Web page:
While Gaganendranath and Chittaprosad used each illustration to ironically comment on socio-political moments or traditions, K.G. Subramanyan identified himself as a visual storyteller, calling his pictures “playful and spontaneous”, and creating regular links between them. On display is The Tale of the Talking Face (1989), an assemblage of text and images prepared as a series of forty-three framed collages. Subramanyan’s book is a fictional tale narrated through verse, thereby giving it a certain rhythmic quality.
In the exhibition, reading each frame within the spatial configuration of a museum space makes it a work to be visually experienced first, and then lexically read. Importantly, Subramanyan’s work is an allegorical comment on the period of Emergency in India, from 1975-1977; it weaves a tale that warns visitors about the danger of absolute political power and totalitarianism in a democracy like India. It provokes viewers to consider the aftermath of such autocracy — the political decadence that is left in its wake. When seen against the backdrop of India’s crisis of democracy today, Subramanyan’s stories still hold relevance, and must be seen as a rousing call to action.
In his introduction to Unnamati Syama Sundar’s recent volume on the depiction of B.R. Ambedkar in mainstream political cartooning from 1932 to 1965, Suraj Yengde writes: “Satire without ideological backing remains a hollowed punctuation”. One cannot help but consider this statement when viewing the works of R.K. Laxman — the fourth and final artist in the exhibition. His works are an important journalistic chronicle of life in India, from the 1950s onwards.
Best known for the daily cartoon strip You Said It in the Times of India, and the creation of ‘The Common Man’ – a bespectacled Indian man, with his distinctive checkered coat and dhoti, from whose eyes we witnessed the shifting dynamics of Indian politicos and their ideologies. Laxman’s protagonist was a sarcastic observer, the eyes of the layperson, commenting on everyday news with what became his signature wit.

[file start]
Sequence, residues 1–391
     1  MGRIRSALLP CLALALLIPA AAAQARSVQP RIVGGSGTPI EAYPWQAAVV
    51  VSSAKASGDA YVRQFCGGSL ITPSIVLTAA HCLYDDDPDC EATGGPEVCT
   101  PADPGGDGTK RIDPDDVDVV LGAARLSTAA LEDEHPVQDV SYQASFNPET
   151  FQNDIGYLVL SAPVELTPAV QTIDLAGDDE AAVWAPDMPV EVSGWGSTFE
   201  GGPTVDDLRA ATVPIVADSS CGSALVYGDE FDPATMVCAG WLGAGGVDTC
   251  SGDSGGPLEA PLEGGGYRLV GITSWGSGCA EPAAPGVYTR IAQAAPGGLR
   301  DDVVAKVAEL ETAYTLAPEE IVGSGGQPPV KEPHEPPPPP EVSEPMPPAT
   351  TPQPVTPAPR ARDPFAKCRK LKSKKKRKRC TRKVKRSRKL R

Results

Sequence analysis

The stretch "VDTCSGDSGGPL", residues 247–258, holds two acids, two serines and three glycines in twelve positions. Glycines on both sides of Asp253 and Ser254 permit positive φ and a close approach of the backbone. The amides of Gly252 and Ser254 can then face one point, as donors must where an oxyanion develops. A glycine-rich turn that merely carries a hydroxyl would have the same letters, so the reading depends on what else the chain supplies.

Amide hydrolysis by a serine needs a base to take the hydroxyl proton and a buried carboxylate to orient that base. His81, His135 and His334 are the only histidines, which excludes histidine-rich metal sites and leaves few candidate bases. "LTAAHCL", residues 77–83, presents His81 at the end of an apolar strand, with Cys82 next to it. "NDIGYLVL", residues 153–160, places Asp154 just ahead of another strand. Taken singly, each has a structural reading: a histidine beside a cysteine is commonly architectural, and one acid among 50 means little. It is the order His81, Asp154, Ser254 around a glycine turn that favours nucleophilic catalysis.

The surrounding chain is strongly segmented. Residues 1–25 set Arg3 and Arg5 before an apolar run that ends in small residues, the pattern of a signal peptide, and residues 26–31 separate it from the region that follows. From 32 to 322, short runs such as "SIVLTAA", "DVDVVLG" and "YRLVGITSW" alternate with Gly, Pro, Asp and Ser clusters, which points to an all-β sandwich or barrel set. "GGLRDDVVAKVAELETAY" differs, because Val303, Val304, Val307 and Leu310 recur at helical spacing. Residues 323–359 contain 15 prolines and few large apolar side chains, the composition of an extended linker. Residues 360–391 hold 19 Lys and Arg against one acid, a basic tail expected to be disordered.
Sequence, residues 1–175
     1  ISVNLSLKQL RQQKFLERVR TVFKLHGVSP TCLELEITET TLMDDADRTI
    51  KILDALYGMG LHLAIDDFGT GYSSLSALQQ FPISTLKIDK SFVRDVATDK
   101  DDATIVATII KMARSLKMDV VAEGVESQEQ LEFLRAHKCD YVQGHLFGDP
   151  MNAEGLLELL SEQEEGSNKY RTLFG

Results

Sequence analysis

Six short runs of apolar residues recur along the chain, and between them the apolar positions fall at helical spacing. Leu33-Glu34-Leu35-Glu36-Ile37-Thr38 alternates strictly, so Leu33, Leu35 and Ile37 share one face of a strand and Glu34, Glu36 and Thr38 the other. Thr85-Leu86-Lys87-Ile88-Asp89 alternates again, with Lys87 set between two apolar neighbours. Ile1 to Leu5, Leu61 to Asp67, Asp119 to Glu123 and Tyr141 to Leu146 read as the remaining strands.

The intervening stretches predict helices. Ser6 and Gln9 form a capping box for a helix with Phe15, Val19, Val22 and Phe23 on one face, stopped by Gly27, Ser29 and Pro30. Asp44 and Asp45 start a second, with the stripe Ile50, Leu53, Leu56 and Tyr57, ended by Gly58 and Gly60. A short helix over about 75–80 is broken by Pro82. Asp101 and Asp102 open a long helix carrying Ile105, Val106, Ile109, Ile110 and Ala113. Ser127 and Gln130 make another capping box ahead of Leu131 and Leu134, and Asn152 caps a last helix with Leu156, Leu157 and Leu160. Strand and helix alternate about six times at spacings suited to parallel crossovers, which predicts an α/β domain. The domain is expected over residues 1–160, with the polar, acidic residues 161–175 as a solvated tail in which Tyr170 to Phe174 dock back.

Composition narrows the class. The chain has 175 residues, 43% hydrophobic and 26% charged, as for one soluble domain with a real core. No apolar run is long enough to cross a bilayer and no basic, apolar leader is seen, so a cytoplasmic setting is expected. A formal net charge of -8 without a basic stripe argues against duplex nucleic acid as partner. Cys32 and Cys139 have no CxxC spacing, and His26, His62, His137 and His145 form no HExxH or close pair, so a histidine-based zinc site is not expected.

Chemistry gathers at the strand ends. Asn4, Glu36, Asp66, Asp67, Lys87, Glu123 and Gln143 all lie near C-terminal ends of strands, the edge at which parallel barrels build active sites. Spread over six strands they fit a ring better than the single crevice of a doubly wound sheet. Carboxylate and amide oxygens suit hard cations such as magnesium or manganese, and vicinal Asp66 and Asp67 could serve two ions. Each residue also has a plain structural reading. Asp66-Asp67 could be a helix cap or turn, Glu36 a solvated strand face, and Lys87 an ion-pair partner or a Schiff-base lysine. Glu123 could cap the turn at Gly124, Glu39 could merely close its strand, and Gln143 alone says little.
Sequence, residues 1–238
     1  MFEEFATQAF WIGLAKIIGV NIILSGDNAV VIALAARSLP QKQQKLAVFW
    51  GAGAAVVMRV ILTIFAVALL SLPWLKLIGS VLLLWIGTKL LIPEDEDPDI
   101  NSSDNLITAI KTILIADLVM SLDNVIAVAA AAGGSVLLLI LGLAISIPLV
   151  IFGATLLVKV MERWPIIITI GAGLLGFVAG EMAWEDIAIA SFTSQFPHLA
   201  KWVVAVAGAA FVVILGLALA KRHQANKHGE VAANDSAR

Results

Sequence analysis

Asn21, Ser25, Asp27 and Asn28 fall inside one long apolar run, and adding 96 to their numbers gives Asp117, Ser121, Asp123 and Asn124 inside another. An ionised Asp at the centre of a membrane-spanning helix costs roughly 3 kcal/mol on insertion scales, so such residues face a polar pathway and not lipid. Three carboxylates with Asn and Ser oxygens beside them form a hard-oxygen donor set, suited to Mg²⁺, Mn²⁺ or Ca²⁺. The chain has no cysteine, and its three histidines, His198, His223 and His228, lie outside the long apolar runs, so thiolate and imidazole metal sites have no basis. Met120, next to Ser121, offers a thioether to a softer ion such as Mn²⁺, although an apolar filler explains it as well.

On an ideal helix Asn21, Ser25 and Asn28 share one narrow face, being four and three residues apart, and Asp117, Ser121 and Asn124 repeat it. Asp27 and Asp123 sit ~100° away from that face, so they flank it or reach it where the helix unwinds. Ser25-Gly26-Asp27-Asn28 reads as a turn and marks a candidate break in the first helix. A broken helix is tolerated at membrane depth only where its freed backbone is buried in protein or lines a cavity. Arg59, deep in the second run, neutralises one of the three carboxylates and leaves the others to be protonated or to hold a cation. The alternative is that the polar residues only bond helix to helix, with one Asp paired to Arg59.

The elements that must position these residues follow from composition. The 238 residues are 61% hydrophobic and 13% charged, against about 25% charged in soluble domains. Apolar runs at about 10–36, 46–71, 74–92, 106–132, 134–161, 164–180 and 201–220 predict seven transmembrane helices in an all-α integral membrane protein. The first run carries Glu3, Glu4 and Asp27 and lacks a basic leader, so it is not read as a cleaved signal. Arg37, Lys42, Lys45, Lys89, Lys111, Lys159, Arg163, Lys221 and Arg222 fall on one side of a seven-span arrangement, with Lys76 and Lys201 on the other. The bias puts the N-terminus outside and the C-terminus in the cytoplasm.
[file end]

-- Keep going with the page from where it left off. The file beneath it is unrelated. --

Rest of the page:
Unlike his peers, however, such as Malayali cartoonist O.V. Vijayan, who was known for his caustic tone, there is a certain ambivalence and lack of provocation in Laxman’s work. While this may have been a necessary strategic device to distinguish him from any single political affiliation during his time, it stands out in the context of this exhibition. In his autobiography, The Tunnel of Time: An Autobiography (1998), he clarifies: “I deal with satirical concepts strictly on the familiar level of everyday life. I followed the standard rules of perspective, draper and anatomy; when I caricatured a personality I exercised controlled distortion.”
The exhibition contains a sizeable cross-section of his practice, including sketches, newspaper clippings and colourful illustrations, and this “controlled distortion” is apparent in the display of his series of portraits of renowned political and cultural figures, including L.K. Advani, P.V. Narasimha Rao, Ustad Bismillah Khan, George Harrison, Imran Khan, Dilip Kumar, among others. The portraits are not a critique of the work of these figures, nor are they a more ideological comment on the nature of power itself.
They are simply illustrations, and in seeing them alongside the radicalism of Gaganendranath, Chittaprosad, and Subramanyan, one cannot help but question if Laxman can derive his legacy from this particular lineage, or further add to it through his wit and criticality.
Common Course is a small but necessary homage to the discursive act of popular political illustration. At a time when political authoritarianism is on the rise and free speech is under attack, it becomes doubly crucial to highlight the importance of dissent in a democracy.
Yet, while one experiences the works as a semi-historical trajectory of protest through culture, the exhibition fails to contemporise the individual artistic commentaries within the context of today — the responsibility of making those linkages are left to the viewer. Additionally, there has been no attempt to problematise this artistic trend.
As a result, the exhibition leaves several questions unanswered: Does religious privilege play a part in the gaze of these artists? What can be said of public perception of their art during their time? What has been the role of women in political cartooning? One hopes that this exhibition is a preview to a larger showcase in the future, where these questions can be explored in greater detail.
(The title of this piece is from Unnamati Syama Sundar’s, No Laughing Matter: The Ambedkar Cartoons, 1932-1956, published by Navayana, 2019. The exhibition is on view at the Kiran Nadar Museum of Art in New Delhi till October 25, 2019. This article was originally published by Critical Collective)